Karena Cawthon  /  AP
Pensacola Beach Elementary School secretary Ada Baughn welcomes children back to school Monday at the school's temporary quarters in Gulf Breeze, Fla. The school had to relocate to a Methodist Church youth center because Pensacola Beach still lacks utilities and the school building needs repairs.
updated 10/11/2004 6:30:23 PM ET 2004-10-11T22:30:23

Forced out of their Florida Panhandle home by Hurricane Ivan, Monette Hodges and her family now live 90 minutes away in Mobile, Ala.

But instead of putting her three kids in school there, Hodges managed to get them back to Florida on Monday, the first day of school in four weeks for 92,000 students in two of the hardest-hit counties.

“I just don’t want to uproot them,” Hodges said after dropping 15-year-old Lacie at her high school and 8-year-old Cate and 5-year-old Patrick at a Methodist Lifeguard Center, the temporary home of Pensacola Beach Elementary School.

On Santa Rosa Island, where many houses were destroyed and utilities have not yet been restored, Hodges and other parents were looking forward to restoring some normalcy to their children’s lives.

“They didn’t want to come back (to school), but I think it will be good for them to be able to talk to the other kids, their friends, and see how they did, and kind of get some comfort from them,” said Karen Crockford, who brought her children William, 7, and Maylee, 11, from nearby Pensacola, where they are staying until their home can be repaired.

Tragedy in Bagdad
The schools in Escambia and Santa Rosa Counties were the last to reopen after the state was slammed by four hurricanes.

The return has been particularly difficult in Bagdad, a small town about 10 miles northeast of Pensacola, where two second-graders were killed during the storm and its aftermath. Roxanne DeLoach, 7, was crushed when a tree fell on her house, and 8-year-old Robert Qualls died in a house fire unconnected to the hurricane.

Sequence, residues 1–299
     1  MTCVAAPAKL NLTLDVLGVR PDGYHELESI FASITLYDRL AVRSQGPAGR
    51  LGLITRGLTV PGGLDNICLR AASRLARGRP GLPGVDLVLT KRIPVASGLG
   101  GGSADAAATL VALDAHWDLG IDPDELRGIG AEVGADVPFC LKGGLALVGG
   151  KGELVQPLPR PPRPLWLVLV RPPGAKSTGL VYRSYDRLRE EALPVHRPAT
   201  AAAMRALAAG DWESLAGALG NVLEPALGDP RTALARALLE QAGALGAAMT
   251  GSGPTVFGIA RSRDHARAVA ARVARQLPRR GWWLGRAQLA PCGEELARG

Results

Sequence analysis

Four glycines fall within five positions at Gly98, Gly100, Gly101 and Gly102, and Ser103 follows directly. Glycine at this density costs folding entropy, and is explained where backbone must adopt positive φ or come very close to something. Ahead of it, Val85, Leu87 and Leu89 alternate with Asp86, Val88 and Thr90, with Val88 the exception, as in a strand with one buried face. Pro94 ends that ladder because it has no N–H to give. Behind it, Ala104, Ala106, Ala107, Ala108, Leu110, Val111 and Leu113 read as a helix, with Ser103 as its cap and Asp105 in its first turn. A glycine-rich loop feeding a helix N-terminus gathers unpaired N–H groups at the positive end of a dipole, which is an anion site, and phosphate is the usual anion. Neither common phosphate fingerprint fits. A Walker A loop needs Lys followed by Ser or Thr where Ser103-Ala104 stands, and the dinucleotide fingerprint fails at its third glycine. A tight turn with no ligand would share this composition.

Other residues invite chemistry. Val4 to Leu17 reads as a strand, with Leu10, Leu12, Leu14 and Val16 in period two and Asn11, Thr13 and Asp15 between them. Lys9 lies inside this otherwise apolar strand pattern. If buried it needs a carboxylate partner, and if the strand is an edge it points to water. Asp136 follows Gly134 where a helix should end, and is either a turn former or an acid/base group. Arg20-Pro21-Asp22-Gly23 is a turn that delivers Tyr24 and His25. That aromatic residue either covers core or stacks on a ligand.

The school district dispatched a crisis team to the school Monday to help counsel students.

“It’s a tragic event for the entire area. I’ve never seen anything like this,” Bagdad Elementary Principal Will Nowling said.

Joy McLauren, the counselor at Pensacola Beach Elementary, handed out crisis intervention packets to teachers and parents to help identify children who might be suffering from stress. Nearly all of the school’s children have been displaced from their homes.

School, someplace else
The school is one of two in Escambia County that had to set up quarters elsewhere. Pupils at Longleaf Elementary are attending a school in Pensacola.

The Pensacola Beach Elementary building was so damaged when Ivan swept over Santa Rosa Island that students may be unable to get back in until after spring break at the earliest, Principal Jeff Castleberry said.

“I know that most of our families have relocated. We wanted to offer them a home base,” McLauren said, noting that temporary classrooms have been made to look as close as possible to those in the damaged building. The Army Corps of Engineers is installing four portable classrooms.

The charter school will lose some funding because about 20 of its 129 pupils will not be returning until their homes are repaired or rebuilt, Castleberry said.

“Some have moved to California, Mississippi — they’re scattered all over,” he said.

Although many teachers and staff members have also had to deal with personal loss, Nowling said, “We all know what our job is: It’s taking care of those smiling faces that are coming in the door.”

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